He had put off his Parthian campaign due to the issues with Octavian, but now he needed Cleopatra’s financial support to carry it out.

In return, Cleopatra requested that Egypt’s eastern empire be returned to her. She wanted the parts of Syria, Lebanon, and Jericho that were under Roman rule to become part of Egypt again.

This was ultimately settled, but Antony’s campaign was a failure that may have indicated a turning point in his career. During this time, Cleopatra gave birth to another son named Ptolemy Philadelphus.

In the aftermath of his failed campaign, Antony divorced Octavian’s sister and brought his family to Rome. He declared publicly that Caesarion was Caesar’s son, and therefore his legitimate heir. This pushed Octavian to act against them.

The Influence Of Octavian

Octavian’s response was a smear campaign that has persisted through the ages. He encouraged rumors that Antony was more interested in Cleopatra than Rome and would give all of Rome to a foreign woman rather than protect his interests at home.

This propaganda campaign painted Cleopatra as an immoral seductress who targeted Caesar and Antony for her own political gain.

This vision of Cleopatra has persisted through to the modern day. It has colored every portrayal of her in popular media and tarnished her character beyond repair. However powerful that image is now, it was even more so while Cleopatra was alive.

In the winter of 32 – 31 BC, the Roman Senate declared war against Cleopatra. They reduced the power Antony held within the Senate, trying to save Rome from the threat they imagined Antony and Cleopatra posed. This was exactly what Octavian wanted.

He soon brought his naval forces against Antony and Cleopatra in Greece, which culminated in the battle of Actium. Octavian was victorious, and the pair fled back to Egypt.

The Death Of Cleopatra

Soon after, Antony left Cleopatra in Egypt to fight another battle against Octavian. He was told, no doubt by those allied with Octavian, that Cleopatra had died. He fell on his sword in grief.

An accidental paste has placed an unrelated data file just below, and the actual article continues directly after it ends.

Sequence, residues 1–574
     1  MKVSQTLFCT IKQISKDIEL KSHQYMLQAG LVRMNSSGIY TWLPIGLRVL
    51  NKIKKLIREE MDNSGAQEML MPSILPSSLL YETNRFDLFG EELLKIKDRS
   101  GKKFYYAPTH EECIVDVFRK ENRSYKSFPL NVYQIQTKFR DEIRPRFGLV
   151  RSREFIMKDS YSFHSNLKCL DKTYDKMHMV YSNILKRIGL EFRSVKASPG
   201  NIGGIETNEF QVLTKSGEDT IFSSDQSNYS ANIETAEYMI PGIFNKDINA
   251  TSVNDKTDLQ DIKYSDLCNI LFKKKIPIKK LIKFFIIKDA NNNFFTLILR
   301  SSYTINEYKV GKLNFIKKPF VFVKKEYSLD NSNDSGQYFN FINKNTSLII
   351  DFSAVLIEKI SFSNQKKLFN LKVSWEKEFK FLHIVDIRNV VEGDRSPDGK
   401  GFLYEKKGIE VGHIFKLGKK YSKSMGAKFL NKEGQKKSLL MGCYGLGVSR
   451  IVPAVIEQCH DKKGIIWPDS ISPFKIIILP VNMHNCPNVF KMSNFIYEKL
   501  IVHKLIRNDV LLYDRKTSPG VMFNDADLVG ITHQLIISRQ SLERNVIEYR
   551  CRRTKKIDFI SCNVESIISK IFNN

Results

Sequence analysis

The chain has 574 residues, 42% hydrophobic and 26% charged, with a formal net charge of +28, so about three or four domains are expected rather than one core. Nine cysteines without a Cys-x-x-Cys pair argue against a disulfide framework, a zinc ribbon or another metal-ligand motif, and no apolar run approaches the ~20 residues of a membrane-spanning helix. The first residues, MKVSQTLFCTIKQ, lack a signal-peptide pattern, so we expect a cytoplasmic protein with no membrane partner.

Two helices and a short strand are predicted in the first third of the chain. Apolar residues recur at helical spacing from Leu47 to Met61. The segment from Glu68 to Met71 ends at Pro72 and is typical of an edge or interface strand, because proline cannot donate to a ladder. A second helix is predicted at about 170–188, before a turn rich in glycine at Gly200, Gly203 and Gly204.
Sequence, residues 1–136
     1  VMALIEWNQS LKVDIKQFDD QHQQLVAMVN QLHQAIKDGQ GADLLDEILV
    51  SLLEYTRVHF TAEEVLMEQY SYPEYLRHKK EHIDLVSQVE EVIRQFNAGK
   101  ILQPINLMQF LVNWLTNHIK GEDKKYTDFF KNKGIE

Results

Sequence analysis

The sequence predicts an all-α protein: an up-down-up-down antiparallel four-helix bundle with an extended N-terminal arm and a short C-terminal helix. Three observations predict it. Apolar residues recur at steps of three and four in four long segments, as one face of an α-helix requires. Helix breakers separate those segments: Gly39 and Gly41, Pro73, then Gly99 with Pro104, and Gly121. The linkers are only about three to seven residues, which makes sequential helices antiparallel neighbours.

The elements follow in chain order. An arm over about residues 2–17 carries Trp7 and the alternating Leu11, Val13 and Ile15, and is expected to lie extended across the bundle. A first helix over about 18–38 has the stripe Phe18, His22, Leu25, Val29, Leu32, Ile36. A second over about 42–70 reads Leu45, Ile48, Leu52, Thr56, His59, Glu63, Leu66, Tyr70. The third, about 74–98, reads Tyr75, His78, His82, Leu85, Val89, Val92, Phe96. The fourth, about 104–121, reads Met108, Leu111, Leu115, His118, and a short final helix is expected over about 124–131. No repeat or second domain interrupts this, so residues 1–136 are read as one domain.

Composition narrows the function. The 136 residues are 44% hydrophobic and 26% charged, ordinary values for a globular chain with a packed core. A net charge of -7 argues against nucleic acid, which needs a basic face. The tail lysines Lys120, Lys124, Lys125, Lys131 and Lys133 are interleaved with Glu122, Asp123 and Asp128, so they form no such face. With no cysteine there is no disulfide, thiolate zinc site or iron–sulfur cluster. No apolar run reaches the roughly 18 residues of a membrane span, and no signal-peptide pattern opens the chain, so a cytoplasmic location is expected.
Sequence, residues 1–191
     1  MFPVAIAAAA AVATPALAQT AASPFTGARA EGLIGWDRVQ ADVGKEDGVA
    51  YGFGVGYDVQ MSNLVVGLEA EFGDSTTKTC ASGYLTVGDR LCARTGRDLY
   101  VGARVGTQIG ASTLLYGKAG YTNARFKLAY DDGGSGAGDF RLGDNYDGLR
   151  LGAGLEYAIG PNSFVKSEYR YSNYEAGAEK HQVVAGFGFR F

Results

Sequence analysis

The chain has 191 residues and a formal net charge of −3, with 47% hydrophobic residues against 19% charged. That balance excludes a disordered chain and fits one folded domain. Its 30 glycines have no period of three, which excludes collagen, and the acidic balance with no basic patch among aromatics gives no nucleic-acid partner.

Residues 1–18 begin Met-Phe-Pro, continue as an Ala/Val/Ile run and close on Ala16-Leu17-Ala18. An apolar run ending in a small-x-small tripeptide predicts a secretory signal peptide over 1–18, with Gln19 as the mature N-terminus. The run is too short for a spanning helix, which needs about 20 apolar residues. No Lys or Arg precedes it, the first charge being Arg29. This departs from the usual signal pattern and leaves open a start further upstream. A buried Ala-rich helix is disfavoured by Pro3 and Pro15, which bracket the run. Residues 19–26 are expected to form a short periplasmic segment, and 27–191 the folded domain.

Statue of Cleopatra VII via Art Blart.

He had himself carried back to her as he was dying and advised her to make peace with Octavian. This, she would not do. She committed suicide after he died, though we don’t know the manner of her death.

Popular culture has taken liberties with this detail, and some classical writers have speculated that she died by the bite of an asp, a symbol of royalty. If she took her own life via snake, it would have more likely been an Egyptian cobra that struck the killing blow.

Either way, she and Antony were buried together after their deaths. She was only 39 years old.

Of her four children, only three would survive. Octavian had Caesarion killed, as he was a direct threat to Octavian’s rule; meanwhile, her three children with Antony were sent to Rome, where Octavian’s sister raised them.

Cleopatra’s Legacy

The story of Cleopatra, Caesar, and Mark Anthony has captured the imagination of writers, filmmakers, and artists for thousands of years. An immoral vision of the power-hungry seductress persists today, despite being perpetuated over two thousand years ago.

Shakespeare’s Antony and Cleopatra revised the impact of Cleopatra’s role in the events during her life, but it is this version of Cleopatra that we are most familiar with in the modern day.

His play inspired the popular culture and Western imagining that surround Cleopatra’s legacy today. Outside of the silver screen, Cleopatra’s likeness is used to promote the idea of extreme beauty.

However, the ancient writers who spoke of Cleopatra almost universally praised her charm, charisma, and intelligence rather than her beauty. 

More than likely, Cleopatra was an average-looking woman whose presence captured attention wherever she went. She knew how to make an entrance.

Only someone with the charisma of a modern-day movie star could sway everyone in her orbit to her cause, and it was only through Octavian’s aggressive propaganda campaign that she lost favor.